The January 6 Committee that former Speaker Nancy Pelosi personally assembled is soon to be formally dissolved by the new GOP House. As that panel was facing its last hours last month, it appears it released the Social Security numbers of around 1,900 Americans. Of course, the ” doxxed ” people were generally supporters of President Donald Trump.
As part of the committee’s final report, it attached a spreadsheet that included confidential information contained on White House visitor logs from December 2020. It is hard to blame negligence for the leak, as most of the visitors on the list had their personally identifying information redacted.
Among the persons who had their information publicized are South Dakota Gov. Kristi Noem (R) and several members of her family, Texas Gov. Greg Abbott (R), and South Carolina Gov. Henry McMaster (R).
Former cabinet members Health and Human Services Secretary Alex Azar and Housing and Urban Development Secretary Ben Carson were also “doxxed.”
Other victims include federal judges, attorneys, and at least six witnesses who testified before the committee.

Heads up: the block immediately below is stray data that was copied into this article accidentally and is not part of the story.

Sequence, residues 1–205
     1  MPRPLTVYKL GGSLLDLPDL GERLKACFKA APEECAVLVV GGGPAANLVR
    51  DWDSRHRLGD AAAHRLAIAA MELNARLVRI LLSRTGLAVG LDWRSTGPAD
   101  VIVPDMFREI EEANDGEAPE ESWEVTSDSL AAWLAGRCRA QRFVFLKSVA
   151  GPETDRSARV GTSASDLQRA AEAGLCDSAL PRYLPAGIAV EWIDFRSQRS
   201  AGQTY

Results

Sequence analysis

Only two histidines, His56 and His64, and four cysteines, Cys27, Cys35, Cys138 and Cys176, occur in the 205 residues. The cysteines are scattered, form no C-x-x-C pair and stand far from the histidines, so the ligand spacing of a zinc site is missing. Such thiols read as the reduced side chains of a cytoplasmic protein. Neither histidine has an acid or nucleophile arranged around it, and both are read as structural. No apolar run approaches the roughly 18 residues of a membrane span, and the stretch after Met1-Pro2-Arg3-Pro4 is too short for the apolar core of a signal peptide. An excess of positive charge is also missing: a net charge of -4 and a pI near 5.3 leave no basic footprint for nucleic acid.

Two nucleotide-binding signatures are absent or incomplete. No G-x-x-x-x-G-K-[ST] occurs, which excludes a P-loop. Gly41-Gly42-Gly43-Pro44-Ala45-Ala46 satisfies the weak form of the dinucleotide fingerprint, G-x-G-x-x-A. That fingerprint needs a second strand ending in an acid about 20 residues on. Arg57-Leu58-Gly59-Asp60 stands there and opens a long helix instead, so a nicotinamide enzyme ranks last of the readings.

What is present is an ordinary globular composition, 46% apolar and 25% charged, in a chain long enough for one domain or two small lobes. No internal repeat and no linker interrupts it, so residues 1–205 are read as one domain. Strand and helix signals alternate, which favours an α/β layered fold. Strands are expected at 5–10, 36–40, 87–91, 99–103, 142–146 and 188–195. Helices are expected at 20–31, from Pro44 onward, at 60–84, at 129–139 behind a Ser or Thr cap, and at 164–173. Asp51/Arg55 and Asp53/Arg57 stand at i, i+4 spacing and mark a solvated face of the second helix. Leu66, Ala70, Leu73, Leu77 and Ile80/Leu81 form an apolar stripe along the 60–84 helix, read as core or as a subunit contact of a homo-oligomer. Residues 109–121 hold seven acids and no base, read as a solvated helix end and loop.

On Friday, Noem had her attorneys send a letter to the White House, committee chair Rep. Bennie Thompson (D-MS) and archive officials. The lawyers are demanding information about “how the breach of privacy occurred, who was responsible, what steps [have been] taken to remedy the breach, and what specific measures and remedies will be taken to protect Governor Noem and her family in light of the public dissemination of their private information and the heightened risk for identity theft and any other future privacy violations.”
Carson was also outraged by the leak. He said whether it happened through “careless and sloppy handling of records or a deliberate disregard of decorum, either scenario is a perfunctory and callous display of government and a frightening reminder of the current state in Washington.”
A Congressional aide who worked with the January 6 Committee provided an anonymous statement to the Washington Post claiming that any release of personal information was “inadvertent.”
Former Rep. Adam Kinzinger (R-IL) was one of two never-Trump Republicans Pelosi put on the committee to provide a veneer of bipartisanship. He only said the data breach was “unfortunate.”
The actual release of the information came through the Government Publishing Office (GPO). It disclaimed any responsibility, stating that it “does not edit or alter materials provided by Congress for publication.”